And finally, before ending our foreach loop, you’ll add the i variable with the addition or increment operator symbol (++). And once the foreach loop has been completed, then you simply echo the response_message variable.

The doesCCBProfileExist function

The doesCCBProfileExist function is essentially a quick look up to the backup table to see if a record for an individual exists.  You’ll want to use the individual’s CCB id (i.e, the first value in the response_object array to perform this look up using a MySQL select statement.

Once you have the query, then you use the mysql_num_rows to determine if the person’s profile exists.  If queryNum variable is greater than 0 (zero), then you have found a record with the individual’s CCB id profile and will need to return the msg variable as 1 (numeric one).  By default the msg variable is set to 0 (zero) to indicated an individual’s id had not been found in the SQL query. And at the end of this function, you simply return the msg variable;

The updateCCBProfile function

The next function you’ll create is the updateCCBProfile function.  You’ll pass the response_object array to it as the function’s user argument variable.

You normally wouldn’t update a profile, but I decided to include it to show you how to update an individual’s profile in the backup table in the event their profile data was updated.  You’ll probably never know when someone updates their info, so it’s just a simple and safe function to keep your data updated.

This function will return a message that the person’s CCB profile was not or successfully updated depending on whether or not the query variable’s assignment to the mysql_query UPDATE statement was successfully run.

Notice that the createDate mysql table column is set equal to NOW() function.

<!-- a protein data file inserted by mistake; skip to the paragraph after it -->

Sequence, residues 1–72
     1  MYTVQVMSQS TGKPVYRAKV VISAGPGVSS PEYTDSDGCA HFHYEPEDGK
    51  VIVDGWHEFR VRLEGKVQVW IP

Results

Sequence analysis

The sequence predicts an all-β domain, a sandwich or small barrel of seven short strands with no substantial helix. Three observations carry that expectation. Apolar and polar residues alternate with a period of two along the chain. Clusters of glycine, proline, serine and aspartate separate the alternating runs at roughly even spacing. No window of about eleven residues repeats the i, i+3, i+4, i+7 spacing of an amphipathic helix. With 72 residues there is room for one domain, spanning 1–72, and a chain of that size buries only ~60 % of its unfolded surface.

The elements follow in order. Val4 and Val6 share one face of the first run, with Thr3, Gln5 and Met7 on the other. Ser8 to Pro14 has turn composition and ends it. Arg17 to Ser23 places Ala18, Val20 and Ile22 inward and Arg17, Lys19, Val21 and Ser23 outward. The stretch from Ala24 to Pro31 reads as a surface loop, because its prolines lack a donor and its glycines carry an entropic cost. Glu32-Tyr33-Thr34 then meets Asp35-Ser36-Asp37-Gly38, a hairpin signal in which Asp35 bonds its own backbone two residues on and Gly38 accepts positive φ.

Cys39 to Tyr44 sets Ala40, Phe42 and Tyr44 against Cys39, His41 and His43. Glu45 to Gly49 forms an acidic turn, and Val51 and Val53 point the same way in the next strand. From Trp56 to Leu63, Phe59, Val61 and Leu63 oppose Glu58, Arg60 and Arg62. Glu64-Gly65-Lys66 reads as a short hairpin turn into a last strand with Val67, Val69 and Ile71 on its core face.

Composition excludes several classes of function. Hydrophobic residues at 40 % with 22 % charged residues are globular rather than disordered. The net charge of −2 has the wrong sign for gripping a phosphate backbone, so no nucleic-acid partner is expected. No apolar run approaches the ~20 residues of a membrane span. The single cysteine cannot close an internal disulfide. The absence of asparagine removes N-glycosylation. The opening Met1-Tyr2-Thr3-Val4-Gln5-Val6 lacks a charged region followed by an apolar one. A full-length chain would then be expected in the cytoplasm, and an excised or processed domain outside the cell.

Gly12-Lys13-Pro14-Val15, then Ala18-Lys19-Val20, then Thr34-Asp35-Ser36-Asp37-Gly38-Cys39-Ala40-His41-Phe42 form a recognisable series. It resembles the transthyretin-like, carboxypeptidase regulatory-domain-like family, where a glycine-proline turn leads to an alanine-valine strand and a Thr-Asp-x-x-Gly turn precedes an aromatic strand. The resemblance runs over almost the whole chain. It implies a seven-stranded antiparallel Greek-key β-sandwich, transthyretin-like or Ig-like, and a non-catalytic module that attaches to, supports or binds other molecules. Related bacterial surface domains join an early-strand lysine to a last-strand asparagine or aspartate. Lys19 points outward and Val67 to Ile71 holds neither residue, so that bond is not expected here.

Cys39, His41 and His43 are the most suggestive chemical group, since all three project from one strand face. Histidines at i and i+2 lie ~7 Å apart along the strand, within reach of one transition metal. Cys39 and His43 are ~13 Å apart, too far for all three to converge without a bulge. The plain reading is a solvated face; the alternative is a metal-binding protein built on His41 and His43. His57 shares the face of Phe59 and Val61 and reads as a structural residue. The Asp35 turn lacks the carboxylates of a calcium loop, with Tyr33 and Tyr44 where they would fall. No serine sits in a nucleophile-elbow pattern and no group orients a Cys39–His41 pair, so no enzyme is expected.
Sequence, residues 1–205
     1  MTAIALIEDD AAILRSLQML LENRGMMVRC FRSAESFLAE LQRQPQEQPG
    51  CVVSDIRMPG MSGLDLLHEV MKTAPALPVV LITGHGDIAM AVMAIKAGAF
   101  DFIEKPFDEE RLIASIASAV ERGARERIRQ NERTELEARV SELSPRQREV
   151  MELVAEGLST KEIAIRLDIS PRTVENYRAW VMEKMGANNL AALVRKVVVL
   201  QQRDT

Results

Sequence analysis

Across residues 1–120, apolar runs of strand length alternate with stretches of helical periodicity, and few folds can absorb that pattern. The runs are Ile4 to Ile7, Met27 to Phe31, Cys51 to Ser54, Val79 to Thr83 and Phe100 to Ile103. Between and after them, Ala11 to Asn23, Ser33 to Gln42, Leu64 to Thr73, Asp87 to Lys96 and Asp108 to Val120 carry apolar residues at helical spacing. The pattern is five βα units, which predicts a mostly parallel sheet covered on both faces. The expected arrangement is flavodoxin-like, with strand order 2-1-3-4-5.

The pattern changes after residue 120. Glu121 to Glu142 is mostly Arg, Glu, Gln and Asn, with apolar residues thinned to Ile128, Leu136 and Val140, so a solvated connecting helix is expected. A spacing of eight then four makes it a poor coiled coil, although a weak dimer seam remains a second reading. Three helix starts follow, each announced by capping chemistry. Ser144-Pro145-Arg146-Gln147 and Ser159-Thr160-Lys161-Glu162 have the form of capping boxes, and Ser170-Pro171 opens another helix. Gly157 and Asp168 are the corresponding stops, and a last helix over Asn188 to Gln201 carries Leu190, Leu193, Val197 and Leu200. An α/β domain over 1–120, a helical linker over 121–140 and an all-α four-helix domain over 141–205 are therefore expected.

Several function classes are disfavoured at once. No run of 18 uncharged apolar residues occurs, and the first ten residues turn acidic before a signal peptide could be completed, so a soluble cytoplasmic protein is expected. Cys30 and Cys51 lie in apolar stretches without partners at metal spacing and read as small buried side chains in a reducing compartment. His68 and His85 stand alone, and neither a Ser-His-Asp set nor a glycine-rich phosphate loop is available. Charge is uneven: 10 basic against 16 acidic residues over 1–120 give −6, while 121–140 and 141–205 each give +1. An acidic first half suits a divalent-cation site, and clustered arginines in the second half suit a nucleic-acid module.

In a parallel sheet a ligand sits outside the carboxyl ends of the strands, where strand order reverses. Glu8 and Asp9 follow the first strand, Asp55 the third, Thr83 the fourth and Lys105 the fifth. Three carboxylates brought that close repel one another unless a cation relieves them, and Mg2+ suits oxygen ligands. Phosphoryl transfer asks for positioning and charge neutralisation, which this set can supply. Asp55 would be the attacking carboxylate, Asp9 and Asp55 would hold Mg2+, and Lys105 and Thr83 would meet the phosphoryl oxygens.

The insertCCBProfile function

The next function you’ll create is the insertCCBProfile function. You’ll pass the response_object array to it as the function’s user argument variable.

The insert behaves much like the updateCCBProfile function; however, this function uses the mysql_query INSERT statement instead of the UPDATE statement.

This function will return a message that the person’s CCB profile was not or successfully updated depending on whether or not the query variable’s assignment to the mysql_query INSERT statement was successfully run.

It’s time to test your backup code!

Okay, now open your text editor assemble all of your code creating a backup-ccb-profiles.php file that looks like the codebase below.  If you so desired, you could place the functions inside the general.php file created in previous tutorials.  For the sake of this demo, I didn’t want you to get lost so i kept them in the file so you could see all of what your codebase should look like.

You’re now ready to test, and backup your CCB account info in your backup database table.  Good luck and let me know if you have questions or run into technical issues.

If you’re wondering about the automation part, I’ll cover how to use automate this file on a daily basis in the next set of tutorials.  Geez, I can’t give it all away in one tutorial! 🙂  Stay tuned…


Please comment if this tutorial has helped you.